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Sunday, January 16, 2005

U.S. Conducting Secret Missions Inside Iran-Report

One former high-level intelligence official told The New Yorker, "This is a war against terrorism, and Iraq is just one campaign. The Bush administration is looking at this as a huge war zone. Next, we're going to have the Iranian campaign."

The United States has been conducting secret reconnaissance missions inside Iran to help identify potential nuclear, chemical and missile targets, The New Yorker magazine reported on Sunday.

The article, by award-winning reporter Seymour Hersh, said the secret missions have been going on at least since last summer with the goal of identifying target information for three dozen or more suspected sites.

Hersh quotes one government consultant with close ties to the Pentagon as saying, "The civilians in the Pentagon want to go into Iran and destroy as much of the military infrastructure as possible."

One former high-level intelligence official told The New Yorker, "This is a war against terrorism, and Iraq is just one campaign. The Bush administration is looking at this as a huge war zone. Next, we're going to have the Iranian campaign."

The White House said Iran is a concern and a threat that needs to be taken seriously. But it disputed the report by Hersh, who last year exposed the extent of prisoner abuse at the Abu Ghraib prison in Iraq.

"We obviously have a concern about Iran. The whole world has a concern about Iran," Dan Bartlett, a top aide to President George W. Bush, told CNN's "Late Edition."

Of The New Yorker report, he said: "I think it's riddled with inaccuracies, and I don't believe that some of the conclusions he's drawing are based on fact."

Bartlett said the administration "will continue to work through the diplomatic initiatives" to convince Iran -- which Bush once called part of an "axis of evil" -- not to pursue nuclear weapons.

"No president, at any juncture in history, has ever taken military options off the table," Bartlett added. "But what President Bush has shown is that he believes we can emphasize the diplomatic initiatives that are underway right now."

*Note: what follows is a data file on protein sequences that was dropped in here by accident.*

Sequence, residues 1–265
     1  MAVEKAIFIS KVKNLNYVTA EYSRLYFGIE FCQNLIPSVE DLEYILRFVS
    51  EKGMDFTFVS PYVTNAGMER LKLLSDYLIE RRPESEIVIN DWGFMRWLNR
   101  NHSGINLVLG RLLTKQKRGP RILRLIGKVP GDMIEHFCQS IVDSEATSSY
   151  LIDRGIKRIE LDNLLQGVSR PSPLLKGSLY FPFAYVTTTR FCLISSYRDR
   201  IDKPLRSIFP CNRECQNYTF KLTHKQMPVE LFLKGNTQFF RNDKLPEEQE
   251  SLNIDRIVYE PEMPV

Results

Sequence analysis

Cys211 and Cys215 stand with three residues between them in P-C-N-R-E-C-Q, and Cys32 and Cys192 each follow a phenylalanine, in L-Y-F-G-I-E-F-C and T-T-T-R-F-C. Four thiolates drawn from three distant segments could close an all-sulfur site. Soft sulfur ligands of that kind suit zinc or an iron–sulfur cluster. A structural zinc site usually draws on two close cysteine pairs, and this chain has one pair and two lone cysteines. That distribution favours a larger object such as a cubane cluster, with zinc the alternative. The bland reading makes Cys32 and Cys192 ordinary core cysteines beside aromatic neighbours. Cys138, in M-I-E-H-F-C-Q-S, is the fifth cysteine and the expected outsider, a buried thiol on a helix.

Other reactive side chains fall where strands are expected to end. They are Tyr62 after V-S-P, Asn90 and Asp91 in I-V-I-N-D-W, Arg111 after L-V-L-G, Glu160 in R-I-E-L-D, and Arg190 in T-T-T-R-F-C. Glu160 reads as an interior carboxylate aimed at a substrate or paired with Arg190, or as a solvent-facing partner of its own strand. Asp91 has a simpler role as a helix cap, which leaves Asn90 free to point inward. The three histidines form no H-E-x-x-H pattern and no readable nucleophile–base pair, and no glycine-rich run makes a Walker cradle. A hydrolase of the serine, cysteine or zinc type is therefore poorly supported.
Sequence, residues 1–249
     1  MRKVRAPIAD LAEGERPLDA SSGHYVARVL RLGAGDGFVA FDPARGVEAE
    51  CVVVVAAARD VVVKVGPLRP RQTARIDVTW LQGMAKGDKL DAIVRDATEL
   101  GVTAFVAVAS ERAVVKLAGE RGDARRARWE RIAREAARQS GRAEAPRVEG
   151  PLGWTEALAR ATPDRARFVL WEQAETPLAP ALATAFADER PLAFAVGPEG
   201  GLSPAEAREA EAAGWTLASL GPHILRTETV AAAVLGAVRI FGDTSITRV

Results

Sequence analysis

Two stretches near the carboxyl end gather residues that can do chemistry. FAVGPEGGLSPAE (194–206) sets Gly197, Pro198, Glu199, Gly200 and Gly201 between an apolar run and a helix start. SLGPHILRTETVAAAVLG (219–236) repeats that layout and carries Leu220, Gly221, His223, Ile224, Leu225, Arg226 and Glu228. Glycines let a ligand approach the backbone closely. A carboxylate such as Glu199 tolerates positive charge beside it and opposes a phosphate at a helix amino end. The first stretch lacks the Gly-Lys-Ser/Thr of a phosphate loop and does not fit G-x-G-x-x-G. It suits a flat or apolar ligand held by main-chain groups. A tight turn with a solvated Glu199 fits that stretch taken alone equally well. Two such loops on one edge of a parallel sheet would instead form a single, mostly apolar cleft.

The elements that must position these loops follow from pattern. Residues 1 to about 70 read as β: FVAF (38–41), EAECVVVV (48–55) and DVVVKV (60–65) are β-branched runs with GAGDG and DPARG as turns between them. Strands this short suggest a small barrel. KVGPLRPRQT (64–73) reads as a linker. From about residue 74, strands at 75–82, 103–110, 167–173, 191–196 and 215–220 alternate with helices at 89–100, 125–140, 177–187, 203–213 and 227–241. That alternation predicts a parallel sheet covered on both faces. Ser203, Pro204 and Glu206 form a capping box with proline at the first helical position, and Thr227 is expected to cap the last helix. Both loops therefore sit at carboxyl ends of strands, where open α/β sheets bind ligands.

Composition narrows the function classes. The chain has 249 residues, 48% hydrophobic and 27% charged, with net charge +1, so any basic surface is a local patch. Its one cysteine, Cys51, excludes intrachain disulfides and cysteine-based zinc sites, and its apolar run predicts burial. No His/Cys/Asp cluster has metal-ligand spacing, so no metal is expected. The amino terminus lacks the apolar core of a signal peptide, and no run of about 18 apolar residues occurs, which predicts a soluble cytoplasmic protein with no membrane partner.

Bush has warned Iran in recent weeks against meddling in Iraqi elections.

The former intelligence official told Hersh that an American commando task force in South Asia is working closely with a group of Pakistani scientists who had dealt with their Iranian counterparts.

The New Yorker reports that this task force, aided by information from Pakistan, has been penetrating into eastern Iran in a hunt for underground nuclear-weapons installations.

In exchange for this cooperation, the official told Hersh, Pakistani President Pervez Musharraf has received assurances that his government will not have to turn over Abdul Qadeer Khan, the father of Pakistan's atomic bomb, to face questioning about his role in selling nuclear secrets to Iran, Libya and North Korea.

Hersh reported that Bush has already "signed a series of top-secret findings and executive orders authorizing secret commando groups and other Special Forces units to conduct covert operations against suspected terrorist targets in as many as 10 nations in the Middle East and South Asia."

Defining these as military rather than intelligence operations, Hersh reported, will enable the Bush administration to evade legal restrictions imposed on the CIA's covert activities overseas.

16 Jan 2005 17:27:39 GMT
Source: Reuters
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Higher Officials Unlikely to Be Tried

There has been little indication that the White House plans to hold top civilian officials in the Defense Department responsible for abuses at the prison.

WASHINGTON - The jail term meted out to Army Spc. Charles A. Graner Jr. for abuses at Abu Ghraib prison may prove to be the stiffest criminal punishment that emerges from the entire scandal, according to experts on military justice.

To some, the low-level Army reservist may look like the fall guy in a debacle that embarrassed the United States throughout the world and tainted the image of American forces in Iraq. Yet analysts said that for now, at least, it was doubtful that higher-level officials would be found guilty beyond a reasonable doubt of criminal wrongdoing at the Iraqi prison where Graner ran a notorious, late-night guard shift.

"This is the guy that it seems easiest for us to blame," said Beth Hillman, a specialist on military justice at Rutgers University School of Law in Camden, N.J., of the low-level reservist who was sentenced to 10 years in prison. "That doesn't mean there aren't other people who should pay a price for their role in making this possible."

The question of responsibility for sadistic behavior at Abu Ghraib leads to murky distinctions between foot soldiers such as Graner, who committed the abuses, and senior officials who failed to prevent them and denied specific knowledge.

More broadly, some point out, the crimes at Abu Ghraib occurred as U.S. policy became increasingly tolerant of rough interrogation practices that were previously forbidden. Approved practices, such as forcing detainees to wear hoods or creating extreme physical discomfort - though controversial - did not include the sexual humiliation and other tactics captured in photographs.